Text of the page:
The Shins see their sons off to day care. Photo: Tom Coyner

On the macro level, South Korea is winning kudos globally for how its authorities have handled the spread of the novel coronavirus that is currently rampaging across Europe and the United States. But on the micro level, how are ordinary people dealing with the challenges? 

A middle-class Seoul family agreed to show Asia Times how they are coping. They live in Jongeun Dong in northern Seoul – a pretty, low-rise neighborhood that is to the west of the capital’s key landmark, Gyeongbokgung Palace, and the presidential mansion, the Blue House.

A royal guard outside Gyeonbokgung Palace is appropriately attired for the novel coronavirus season. Photo: Tom Coyner

Theirs is hardly a story of high drama. Instead it is a tale of constant cleansing and – especially for the children – a struggle against monotony.

Mr. Shin – he requested that his full name not be used — heads up the family.  He is a middle manager at a finance company. His wife Monica — though Korean, she prefers to use her Catholic name  — Jun is a non-uniformed official with the Seoul Metropolitan Police.  Both are 47 years old.

Their two sons Ju-won, 10, and Jun-min, nine, attend the neighborhood primary school. Though the Shins have not been infected by Covid-19, they, like almost all other Korean families, have found their daily lives impacted, and take extensive individual precautions.

Monica gets a fever check before entering her workplace. Photo: Tom Coyner

Since Mr. Shin’s clients are no longer welcoming visits, he is largely confined to teleconferencing from his office. Monica’s work has not been significantly impacted, but each morning when she reports to work, she has her temperature taken at the entrance.  As an added precaution, she — like virtually all visitors — sanitizes her hands at the police station’s front gate.

On Sundays, the family no longer goes to church for mass.  Instead, they video worship at home. It is the weekdays, however, that prove the most difficult.

On Sunday, the Shins tune into an online Catholic service. Photo: Photo: Tom Coyner

The boys are underfoot and often bored.  While schools are shut down until the first week of April, the Shins have been able to enroll their sons into a limited attendance, half-day neighborhood school that offers day-care for families with two working parents. However, there is no official curriculum and parents provide the lunches.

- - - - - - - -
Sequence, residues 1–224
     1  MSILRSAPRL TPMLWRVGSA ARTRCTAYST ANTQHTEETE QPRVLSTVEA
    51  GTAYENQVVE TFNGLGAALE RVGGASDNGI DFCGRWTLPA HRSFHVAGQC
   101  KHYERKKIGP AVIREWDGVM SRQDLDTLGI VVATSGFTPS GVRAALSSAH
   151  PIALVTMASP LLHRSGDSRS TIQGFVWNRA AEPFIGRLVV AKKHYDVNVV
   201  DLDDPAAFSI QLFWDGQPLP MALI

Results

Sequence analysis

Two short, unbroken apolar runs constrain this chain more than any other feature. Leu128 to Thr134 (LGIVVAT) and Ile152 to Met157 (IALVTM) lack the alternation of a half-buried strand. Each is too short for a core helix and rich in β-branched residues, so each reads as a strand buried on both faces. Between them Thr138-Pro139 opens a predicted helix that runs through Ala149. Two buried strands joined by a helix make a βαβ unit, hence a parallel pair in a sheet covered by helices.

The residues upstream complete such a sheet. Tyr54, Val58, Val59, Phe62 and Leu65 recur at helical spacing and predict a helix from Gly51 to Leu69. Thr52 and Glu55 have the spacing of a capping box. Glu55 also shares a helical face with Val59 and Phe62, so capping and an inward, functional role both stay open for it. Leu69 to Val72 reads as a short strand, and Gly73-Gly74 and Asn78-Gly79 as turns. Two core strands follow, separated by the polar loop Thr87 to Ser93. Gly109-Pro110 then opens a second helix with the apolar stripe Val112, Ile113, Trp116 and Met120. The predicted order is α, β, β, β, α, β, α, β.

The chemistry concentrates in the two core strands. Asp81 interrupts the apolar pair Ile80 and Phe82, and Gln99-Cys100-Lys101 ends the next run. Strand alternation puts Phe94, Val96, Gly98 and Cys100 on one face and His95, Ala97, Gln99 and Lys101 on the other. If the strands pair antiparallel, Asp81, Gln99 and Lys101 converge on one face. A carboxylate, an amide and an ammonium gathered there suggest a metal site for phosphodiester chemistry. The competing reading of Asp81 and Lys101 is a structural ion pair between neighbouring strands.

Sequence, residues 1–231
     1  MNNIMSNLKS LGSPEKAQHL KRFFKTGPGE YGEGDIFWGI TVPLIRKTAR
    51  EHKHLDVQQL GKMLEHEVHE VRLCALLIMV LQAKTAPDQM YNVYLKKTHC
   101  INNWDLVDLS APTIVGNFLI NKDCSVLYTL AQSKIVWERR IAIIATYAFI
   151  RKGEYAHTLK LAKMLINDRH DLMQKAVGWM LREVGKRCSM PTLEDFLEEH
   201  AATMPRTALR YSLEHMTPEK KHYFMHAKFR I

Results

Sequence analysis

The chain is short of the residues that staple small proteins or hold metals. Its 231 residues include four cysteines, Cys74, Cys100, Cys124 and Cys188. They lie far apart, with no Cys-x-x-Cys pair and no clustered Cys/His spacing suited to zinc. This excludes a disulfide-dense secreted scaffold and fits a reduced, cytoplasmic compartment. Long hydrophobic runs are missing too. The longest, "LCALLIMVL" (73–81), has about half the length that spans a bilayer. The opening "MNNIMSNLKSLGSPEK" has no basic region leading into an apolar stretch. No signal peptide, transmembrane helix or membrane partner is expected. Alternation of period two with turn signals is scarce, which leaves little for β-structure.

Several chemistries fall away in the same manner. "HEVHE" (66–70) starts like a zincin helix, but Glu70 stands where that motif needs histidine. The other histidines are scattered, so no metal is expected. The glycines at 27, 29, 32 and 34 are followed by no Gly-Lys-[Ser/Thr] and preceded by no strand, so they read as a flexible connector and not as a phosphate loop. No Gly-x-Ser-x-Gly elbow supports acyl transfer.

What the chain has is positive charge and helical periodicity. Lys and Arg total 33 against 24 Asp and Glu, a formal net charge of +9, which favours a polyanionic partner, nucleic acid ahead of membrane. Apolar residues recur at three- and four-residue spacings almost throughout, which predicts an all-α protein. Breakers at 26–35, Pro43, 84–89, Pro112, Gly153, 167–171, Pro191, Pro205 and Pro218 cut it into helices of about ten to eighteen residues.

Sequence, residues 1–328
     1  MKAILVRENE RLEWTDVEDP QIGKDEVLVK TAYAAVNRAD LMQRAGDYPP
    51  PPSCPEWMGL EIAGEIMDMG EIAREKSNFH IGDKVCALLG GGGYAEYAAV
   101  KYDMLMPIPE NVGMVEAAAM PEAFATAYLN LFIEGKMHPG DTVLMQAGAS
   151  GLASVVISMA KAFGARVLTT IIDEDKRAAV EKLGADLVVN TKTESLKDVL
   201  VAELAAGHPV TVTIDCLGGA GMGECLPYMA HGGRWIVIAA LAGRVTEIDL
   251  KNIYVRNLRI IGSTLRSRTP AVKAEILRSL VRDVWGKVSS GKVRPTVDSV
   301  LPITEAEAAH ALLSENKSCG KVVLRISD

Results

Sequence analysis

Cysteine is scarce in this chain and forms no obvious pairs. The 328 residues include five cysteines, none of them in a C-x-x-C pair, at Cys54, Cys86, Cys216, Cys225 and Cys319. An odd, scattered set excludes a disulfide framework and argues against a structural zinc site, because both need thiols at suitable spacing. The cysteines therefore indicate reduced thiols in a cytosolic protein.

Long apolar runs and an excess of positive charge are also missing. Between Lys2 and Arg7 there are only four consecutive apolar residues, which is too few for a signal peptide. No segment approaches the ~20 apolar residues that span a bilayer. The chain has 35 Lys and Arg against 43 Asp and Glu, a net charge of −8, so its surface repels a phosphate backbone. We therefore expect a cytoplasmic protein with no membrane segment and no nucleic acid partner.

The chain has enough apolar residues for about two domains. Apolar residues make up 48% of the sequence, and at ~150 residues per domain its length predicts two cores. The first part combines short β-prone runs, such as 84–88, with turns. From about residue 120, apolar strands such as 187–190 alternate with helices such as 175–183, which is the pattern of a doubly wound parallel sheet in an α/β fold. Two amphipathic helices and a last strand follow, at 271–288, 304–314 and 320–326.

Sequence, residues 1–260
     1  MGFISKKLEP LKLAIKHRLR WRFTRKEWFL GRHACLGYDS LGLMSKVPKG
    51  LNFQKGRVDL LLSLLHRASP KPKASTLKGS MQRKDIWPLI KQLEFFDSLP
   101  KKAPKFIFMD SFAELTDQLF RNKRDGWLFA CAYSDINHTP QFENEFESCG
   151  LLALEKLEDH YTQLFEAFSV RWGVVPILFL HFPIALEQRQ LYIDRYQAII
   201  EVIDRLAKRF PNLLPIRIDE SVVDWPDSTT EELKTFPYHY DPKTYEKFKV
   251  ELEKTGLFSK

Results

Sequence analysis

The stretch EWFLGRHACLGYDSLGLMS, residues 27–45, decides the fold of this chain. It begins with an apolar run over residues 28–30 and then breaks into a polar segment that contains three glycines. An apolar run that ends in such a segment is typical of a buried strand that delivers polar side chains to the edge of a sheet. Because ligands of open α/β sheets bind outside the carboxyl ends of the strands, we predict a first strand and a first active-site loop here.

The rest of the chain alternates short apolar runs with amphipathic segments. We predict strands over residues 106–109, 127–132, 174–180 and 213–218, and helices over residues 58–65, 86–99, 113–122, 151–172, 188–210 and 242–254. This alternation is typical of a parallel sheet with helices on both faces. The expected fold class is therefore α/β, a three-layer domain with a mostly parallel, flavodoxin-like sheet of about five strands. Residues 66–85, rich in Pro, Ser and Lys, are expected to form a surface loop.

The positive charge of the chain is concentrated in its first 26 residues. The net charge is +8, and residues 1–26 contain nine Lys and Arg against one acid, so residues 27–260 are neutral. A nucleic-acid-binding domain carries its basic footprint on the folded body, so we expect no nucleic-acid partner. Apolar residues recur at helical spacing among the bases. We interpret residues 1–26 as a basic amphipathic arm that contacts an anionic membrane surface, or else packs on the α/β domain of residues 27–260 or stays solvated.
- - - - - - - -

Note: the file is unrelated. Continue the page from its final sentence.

The classes, with many fewer students than regular school, relieve much of the boys’ monotony and offer some relief to their working parents. Like their mother, the boys sanitize their hands at the school’s front gate.

The parents have had to come up with new activities.  Sometime they go hiking in the hillside parks and trails common in northern Seoul. Other times, they walk their friends’ dogs. When out in public, the boys mask up, but when they are distant from other people, the masks come off.

The Shins walk their neighbors dogs. When the social distance from others is appropriate, the masks come off. Photo: Tom Coyner

Other activities, such as visiting museums – all of which are in indefinite lockdown – are currently unavailable.  To break up the boredom, when Monica has the time off she sometimes splurges on a meal at a restaurant. Inevitably, a hand sanitation station is usually present at the entrance.

Hand sanitizers and health masks were once available by vending machines at the entrances to public restrooms. Today, while hand sanitation products are still obtainable, masks are not. Pharmacies quickly ran out of thermometers and masks. 

Get your masks here – as long as it is your day for the mask ration, that is. Photo: Tom Coyner

The government remedied the problem in a very South Korean way. Quality masks are ration-sold through designated pharmacies and people can buy only on certain days, as determined by their birth year, which is verified with their ID cards.  Citizens know on which days and at which pharmacies to buy their masks by looking at a website on their smartphones that states on-hand inventory status as well as directions to the day’s designated pharmacies.

While the vast majority of people wear masks outside, there has been some relaxation and they are not worn as consistently as in the past. Some taxi drivers are bare-faced and seem unconcerned as to whether their passengers are masked, although other taxi drivers insist their fares mask up. 

Virtually everyone on buses and subways wear masks, and buses have hand sanitizers taped next to the pass/credit card machines at bus exits.

There has been no panic buying. Toilet paper and instant ramen noodles, for example, can be easily found at all grocery stores. Costco has been selling inexpensive masks, but they have not been selling well. Koreans are demanding the kind of high-quality masks that are normally sold by pharmacies.

Discount masks from Costco are not favored. Photo: Tom Coyner

While not everyone fully supports the country’s president in the face of this crisis, President’s Moon Jae-in’s leadership is not questioned. There is a high degree of trust in relevant health authorities and news and public information updates from various media are widely followed.  The face mask has almost become a badge of civic solidarity. 

While much attention has been given to the government’s rapid response, including extensive testing, none of this would have been successful without Korean citizens’ quiet, and generally accepting compliance with the timely and trustworthy countermeasures that have been put in place.   

If other people are nearby while dog walking, the masks come back on. Photo: Tom Coyner